book link

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Book Review: Mark Twain’s Book of Animals

I recently discovered (and ordered) a book that focuses on Mark Twain and his writings and views about animals. Edited by Mark Twain scholar Shelley Fisher Fishkin, Mark Twain’s Book of Animals, focuses on the many ways Twain not only wrote about animals but advocated on their behalf.

Here’s an article that summarizes the book. And an excerpt:

Fishkin was inspired to undertake the project after realizing how central animals were to Twain’s works and that his views on animals revealed a great deal about how he viewed people.

Fishkin was surprised by what she found during the course of her research. “ I had not realized when I embarked on this project that Twain was the most prominent American of his era to throw his weight behind the animal welfare movement.”

Mark Twain was greatly influenced by the ideas that Charles Darwin laid out in his groundbreaking publication, The Descent of Man (1871), a book that “startled the world,” as Twain put it. She examined copious notes that Twain wrote in the margins of his copy of The Descent of Man (housed with the Mark Twain Papers at the Bancroft Library) and analyzed their significance.

In particular, Fishkin found that that Twain was affected by Darwin’s idea that man and animal were in reality, much more similar than people liked to believe. “The topic he was dealing with was emotional and intellectual continuities between humans and non-human animals. Darwin wrote that the lower animals were capable of experiencing the same emotions as people and that they were capable of rudimentary reasoning, as well. ”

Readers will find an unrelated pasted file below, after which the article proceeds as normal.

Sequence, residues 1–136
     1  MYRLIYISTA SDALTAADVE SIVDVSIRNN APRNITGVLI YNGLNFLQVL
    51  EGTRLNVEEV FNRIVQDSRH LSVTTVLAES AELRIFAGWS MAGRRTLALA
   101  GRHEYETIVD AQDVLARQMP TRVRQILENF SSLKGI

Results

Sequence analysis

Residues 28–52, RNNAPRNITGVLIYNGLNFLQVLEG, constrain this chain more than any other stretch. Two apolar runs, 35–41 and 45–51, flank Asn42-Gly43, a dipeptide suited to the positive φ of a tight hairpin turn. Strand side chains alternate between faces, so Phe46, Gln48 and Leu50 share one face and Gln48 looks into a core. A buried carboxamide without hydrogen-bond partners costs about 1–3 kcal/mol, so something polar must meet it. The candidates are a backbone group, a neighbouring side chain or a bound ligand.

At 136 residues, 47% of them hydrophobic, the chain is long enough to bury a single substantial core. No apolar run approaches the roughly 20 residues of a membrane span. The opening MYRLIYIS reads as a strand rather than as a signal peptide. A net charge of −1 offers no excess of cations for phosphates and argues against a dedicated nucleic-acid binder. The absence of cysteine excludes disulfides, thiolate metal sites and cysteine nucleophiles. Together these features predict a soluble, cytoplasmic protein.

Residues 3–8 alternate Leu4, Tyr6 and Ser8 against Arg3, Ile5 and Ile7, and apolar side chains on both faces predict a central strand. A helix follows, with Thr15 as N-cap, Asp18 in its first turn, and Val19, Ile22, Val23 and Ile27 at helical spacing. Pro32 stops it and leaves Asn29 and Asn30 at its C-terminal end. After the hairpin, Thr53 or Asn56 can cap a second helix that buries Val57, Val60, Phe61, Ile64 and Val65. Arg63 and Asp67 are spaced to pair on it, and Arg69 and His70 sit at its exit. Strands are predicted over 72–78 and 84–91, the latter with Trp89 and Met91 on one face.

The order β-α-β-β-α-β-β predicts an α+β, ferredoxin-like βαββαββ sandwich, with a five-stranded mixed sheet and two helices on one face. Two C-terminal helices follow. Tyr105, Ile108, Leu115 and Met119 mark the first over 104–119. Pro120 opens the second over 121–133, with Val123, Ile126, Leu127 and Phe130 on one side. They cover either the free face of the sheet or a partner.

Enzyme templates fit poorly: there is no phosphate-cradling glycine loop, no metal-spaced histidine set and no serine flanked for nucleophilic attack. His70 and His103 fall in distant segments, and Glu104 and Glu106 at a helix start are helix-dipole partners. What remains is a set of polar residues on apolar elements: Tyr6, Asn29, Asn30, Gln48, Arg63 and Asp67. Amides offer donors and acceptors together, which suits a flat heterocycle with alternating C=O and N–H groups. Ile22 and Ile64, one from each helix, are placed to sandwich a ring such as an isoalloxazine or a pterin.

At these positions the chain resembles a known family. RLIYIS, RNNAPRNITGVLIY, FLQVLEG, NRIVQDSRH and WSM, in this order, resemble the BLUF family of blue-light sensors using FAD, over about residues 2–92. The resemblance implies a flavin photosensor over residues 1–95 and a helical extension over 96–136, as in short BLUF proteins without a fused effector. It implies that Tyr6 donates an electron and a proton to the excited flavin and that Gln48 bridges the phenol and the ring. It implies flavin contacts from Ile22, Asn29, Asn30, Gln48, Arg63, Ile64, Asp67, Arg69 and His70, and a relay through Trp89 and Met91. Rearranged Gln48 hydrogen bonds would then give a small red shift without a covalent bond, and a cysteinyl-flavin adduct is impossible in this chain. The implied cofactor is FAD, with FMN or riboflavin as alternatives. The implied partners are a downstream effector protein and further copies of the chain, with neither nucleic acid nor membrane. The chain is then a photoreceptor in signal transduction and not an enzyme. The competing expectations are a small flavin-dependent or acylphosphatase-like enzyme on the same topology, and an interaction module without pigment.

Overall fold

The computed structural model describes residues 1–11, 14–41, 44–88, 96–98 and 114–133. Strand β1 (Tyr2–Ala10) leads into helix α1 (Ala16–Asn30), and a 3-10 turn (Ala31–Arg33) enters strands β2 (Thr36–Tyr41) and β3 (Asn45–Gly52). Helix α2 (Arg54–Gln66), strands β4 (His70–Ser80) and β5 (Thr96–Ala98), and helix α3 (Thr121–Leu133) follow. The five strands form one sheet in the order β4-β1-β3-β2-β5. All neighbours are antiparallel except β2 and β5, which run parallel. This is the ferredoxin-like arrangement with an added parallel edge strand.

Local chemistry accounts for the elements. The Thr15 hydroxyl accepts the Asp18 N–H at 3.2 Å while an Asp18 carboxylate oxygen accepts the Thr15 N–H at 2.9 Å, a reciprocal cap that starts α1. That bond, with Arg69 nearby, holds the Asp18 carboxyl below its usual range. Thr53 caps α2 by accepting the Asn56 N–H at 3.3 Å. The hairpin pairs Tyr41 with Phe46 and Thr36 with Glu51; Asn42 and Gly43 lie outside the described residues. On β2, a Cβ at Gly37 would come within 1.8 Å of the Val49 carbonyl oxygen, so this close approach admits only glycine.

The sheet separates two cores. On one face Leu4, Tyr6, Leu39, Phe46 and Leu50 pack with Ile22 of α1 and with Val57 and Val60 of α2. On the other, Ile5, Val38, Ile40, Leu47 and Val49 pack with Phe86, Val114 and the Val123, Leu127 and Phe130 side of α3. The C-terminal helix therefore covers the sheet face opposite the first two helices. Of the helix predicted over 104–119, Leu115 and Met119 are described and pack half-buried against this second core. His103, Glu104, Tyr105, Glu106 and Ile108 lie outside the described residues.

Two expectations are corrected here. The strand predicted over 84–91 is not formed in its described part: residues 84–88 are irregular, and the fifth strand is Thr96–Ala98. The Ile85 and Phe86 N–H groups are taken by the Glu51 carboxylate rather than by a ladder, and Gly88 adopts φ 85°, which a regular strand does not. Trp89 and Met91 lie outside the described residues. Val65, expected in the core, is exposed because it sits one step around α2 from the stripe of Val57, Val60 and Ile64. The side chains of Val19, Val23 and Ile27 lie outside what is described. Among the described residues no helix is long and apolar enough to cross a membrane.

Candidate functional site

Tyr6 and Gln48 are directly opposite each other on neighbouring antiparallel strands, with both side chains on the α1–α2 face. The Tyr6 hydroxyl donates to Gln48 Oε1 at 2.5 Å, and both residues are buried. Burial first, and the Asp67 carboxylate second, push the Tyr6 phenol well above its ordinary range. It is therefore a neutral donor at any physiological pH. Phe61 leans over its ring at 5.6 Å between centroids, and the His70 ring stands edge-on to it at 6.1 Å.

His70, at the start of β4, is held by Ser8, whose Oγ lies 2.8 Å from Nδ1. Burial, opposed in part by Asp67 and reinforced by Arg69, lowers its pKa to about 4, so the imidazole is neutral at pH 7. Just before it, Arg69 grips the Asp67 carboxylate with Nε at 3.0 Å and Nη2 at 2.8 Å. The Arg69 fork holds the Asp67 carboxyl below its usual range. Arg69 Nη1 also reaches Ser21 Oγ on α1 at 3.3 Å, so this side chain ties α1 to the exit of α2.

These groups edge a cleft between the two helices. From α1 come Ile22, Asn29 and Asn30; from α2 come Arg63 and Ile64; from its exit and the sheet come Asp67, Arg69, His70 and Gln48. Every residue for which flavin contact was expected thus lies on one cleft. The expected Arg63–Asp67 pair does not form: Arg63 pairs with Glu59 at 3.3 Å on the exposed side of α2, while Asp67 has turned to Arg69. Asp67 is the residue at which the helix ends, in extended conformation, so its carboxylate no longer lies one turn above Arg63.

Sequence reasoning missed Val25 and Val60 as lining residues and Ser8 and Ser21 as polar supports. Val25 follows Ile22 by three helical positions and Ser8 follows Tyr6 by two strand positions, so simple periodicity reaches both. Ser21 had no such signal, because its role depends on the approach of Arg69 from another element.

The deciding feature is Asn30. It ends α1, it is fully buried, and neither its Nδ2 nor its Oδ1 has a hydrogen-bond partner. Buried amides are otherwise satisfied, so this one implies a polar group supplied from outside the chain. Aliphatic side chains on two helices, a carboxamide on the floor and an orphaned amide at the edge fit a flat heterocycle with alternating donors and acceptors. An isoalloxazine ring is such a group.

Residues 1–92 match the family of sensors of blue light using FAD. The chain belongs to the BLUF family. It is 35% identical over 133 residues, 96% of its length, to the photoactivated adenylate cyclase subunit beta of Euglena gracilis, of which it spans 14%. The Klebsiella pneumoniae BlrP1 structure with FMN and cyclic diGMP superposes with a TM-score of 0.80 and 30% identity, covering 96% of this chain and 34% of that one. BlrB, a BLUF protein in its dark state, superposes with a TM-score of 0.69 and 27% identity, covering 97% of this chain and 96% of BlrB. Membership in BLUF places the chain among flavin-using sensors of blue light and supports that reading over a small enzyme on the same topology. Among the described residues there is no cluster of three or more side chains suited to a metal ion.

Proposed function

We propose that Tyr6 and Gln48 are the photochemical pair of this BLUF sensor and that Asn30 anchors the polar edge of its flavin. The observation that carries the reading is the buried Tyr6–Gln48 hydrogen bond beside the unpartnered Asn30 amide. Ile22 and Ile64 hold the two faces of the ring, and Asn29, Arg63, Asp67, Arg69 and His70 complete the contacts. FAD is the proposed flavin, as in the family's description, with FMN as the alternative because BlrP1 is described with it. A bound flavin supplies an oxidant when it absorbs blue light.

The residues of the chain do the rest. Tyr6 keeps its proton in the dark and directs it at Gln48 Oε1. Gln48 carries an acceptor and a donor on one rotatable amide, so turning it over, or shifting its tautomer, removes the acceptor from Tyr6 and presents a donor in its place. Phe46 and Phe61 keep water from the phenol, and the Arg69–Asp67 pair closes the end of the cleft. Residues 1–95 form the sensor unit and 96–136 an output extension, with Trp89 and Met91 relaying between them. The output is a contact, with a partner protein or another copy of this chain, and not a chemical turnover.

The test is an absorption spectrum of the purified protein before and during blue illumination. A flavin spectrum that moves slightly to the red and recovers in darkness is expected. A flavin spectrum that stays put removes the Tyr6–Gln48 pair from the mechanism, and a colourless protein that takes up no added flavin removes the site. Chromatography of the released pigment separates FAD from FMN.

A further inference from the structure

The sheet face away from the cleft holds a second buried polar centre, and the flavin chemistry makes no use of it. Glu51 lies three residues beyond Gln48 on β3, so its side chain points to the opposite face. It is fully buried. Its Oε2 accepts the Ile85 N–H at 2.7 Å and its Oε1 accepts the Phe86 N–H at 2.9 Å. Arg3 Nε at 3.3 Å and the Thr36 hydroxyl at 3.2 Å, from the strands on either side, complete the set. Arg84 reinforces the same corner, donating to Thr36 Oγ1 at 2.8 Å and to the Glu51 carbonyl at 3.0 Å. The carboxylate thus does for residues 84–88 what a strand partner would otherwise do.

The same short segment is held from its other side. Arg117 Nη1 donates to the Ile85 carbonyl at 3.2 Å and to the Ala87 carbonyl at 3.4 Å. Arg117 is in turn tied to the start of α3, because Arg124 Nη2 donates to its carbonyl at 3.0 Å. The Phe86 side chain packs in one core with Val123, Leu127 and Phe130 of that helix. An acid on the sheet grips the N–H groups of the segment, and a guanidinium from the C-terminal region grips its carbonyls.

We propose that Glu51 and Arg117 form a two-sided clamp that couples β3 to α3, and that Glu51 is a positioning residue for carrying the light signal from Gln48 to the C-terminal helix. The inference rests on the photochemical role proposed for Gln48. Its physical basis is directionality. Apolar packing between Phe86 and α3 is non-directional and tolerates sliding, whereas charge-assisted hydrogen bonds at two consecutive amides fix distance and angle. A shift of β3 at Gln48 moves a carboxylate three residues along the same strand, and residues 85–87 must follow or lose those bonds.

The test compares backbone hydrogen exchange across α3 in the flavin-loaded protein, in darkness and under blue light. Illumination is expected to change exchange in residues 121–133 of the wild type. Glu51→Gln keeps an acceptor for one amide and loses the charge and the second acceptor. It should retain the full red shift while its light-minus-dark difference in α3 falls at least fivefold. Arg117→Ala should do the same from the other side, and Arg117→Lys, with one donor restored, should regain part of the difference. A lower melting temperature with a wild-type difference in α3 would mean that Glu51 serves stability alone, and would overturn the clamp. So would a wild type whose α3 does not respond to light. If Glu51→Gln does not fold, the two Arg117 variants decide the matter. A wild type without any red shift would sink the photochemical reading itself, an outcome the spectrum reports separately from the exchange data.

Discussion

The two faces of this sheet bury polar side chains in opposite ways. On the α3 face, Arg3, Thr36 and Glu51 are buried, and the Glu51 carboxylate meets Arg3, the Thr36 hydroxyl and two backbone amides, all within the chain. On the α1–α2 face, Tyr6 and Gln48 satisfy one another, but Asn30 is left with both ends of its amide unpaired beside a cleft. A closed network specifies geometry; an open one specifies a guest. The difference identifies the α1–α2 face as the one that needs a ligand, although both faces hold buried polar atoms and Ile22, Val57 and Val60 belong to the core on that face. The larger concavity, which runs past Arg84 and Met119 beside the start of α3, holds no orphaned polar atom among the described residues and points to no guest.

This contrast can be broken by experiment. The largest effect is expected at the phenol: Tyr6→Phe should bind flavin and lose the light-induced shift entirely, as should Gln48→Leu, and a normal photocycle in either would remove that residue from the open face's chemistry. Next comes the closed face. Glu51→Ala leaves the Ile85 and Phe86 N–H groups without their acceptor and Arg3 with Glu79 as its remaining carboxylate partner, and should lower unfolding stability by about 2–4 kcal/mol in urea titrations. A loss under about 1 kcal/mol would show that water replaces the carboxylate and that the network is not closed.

I look forward to reading this book.

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Book Review: Elizabeth Costello by J.M. Coetzee

 An inside look at the life of an outsider

Elizabeth Costello is a challenging novel, just like the namesake character. This is a book that alternates between brief scenes between mother and son, mother and ex-lover, mother in purgatory — and extended lectures on many topics.

Including animal rights.

In one lecture which began as an essay — The Lives of Animals — Costello lectures on the cruelty of killing animals. It is a lecture not exactly met with enthusiasm and it’s an experience that many vegans and vegetarians have probably shared at one point or another.

The experience of an outsider.

Costello is an outsider, partly because of her trade and mostly because of her lifestyle.

Coetzee has written about outsiders for many years now. Based purely on his relative silence when it comes to book promotion, my guess is that he has a great deal of experience in this area.

Is he a vegan? Vegetarian? I have no idea. All I do know is that he has captured in this book a feeling that resonates with me.